Rolls-Royce Ghost soundproofing was so overengineered that occupants found the near-total silence disorienting. Acoustic engineers had to go back and add a continuous soft whisper.
Rolls-Royce unveiled its all-new Ghost in 2020, and it looks strikingly different from any Rolls-Royce that has ever come before. The Ghost is the ultra-luxury automaker's slightly smaller and somewhat less expensive sedan, and the new version is far more understated than its predecessor.
Designers and engineers wanted the new Ghost to be a relaxing and quiet space. But Rolls-Royce engineers realized they'd initially made the car too quiet inside. Occupants found the near total silence disorienting, according to the British automaker, because the lack of sound didn't match up with the car's movement.
Sound engineers had put 220 pounds of sound insulating material into the car, including inside window glass and in the tires. They'd also looked at things like the windshield wipers and air vents to eliminate even tiny noises that might not be consciously perceptible.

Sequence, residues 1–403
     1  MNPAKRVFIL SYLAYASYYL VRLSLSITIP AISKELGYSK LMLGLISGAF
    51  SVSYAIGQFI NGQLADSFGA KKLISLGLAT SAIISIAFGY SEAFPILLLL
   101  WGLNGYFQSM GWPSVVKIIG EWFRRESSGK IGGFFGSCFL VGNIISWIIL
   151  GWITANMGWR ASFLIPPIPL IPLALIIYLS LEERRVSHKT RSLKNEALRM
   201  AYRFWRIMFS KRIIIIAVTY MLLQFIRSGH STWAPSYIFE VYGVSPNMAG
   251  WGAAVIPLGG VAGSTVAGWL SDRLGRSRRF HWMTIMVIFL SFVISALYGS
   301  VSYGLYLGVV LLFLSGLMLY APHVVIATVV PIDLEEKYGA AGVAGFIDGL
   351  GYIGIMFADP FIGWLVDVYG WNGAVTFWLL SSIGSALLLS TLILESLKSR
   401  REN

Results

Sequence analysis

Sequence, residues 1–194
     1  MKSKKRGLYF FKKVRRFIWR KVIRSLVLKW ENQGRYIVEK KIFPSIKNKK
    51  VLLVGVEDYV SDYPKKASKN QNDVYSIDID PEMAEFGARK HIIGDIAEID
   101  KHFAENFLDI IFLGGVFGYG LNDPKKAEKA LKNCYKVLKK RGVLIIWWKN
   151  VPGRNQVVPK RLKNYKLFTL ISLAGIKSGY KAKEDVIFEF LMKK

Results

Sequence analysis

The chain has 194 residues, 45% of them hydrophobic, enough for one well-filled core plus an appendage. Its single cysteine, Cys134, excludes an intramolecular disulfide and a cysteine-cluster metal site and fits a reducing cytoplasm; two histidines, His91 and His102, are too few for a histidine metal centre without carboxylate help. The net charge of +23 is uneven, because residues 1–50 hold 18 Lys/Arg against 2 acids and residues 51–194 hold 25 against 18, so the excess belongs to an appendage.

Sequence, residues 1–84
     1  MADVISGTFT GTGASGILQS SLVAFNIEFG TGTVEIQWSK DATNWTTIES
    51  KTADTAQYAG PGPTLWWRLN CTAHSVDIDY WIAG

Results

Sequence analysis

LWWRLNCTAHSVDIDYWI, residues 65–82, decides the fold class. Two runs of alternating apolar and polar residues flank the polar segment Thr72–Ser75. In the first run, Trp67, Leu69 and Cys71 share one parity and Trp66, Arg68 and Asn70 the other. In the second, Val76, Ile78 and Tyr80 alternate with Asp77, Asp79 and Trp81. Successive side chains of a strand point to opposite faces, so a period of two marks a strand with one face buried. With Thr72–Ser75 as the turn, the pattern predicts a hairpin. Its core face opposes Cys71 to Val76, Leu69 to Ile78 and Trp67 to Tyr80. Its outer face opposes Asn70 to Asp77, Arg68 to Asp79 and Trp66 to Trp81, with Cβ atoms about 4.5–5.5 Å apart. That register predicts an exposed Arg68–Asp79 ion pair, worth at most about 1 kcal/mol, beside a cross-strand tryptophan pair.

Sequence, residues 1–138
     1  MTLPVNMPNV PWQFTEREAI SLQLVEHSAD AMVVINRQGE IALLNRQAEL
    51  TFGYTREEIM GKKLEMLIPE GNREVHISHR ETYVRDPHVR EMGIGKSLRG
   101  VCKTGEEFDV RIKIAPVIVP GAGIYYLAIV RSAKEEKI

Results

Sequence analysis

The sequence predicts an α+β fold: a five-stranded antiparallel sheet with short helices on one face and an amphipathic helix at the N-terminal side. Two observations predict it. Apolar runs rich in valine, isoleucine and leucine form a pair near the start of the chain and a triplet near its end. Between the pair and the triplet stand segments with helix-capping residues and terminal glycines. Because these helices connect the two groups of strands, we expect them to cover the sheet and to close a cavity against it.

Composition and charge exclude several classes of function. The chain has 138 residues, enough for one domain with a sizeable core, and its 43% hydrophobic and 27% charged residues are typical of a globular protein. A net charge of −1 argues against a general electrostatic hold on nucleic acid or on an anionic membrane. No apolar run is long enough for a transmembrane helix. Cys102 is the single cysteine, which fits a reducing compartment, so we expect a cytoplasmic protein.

The result was a strange and unnatural near-total silence. This also made other noises, someone else's breathing or pants shifting against leather seats, stand out even more.
What was needed was a relaxing background sound. So the acoustic engineers worked on "harmonizing" various sounds in the car so they would combine into a continuous soft whisper. The seat frames, for example, naturally resonated along with the body of the car so dampers were added to adjust the level of that sound without entirely eliminating it. Also, a vent was added to the trunk, allowing some of the thrumming bass notes created there to escape while, again, not getting rid of it entirely.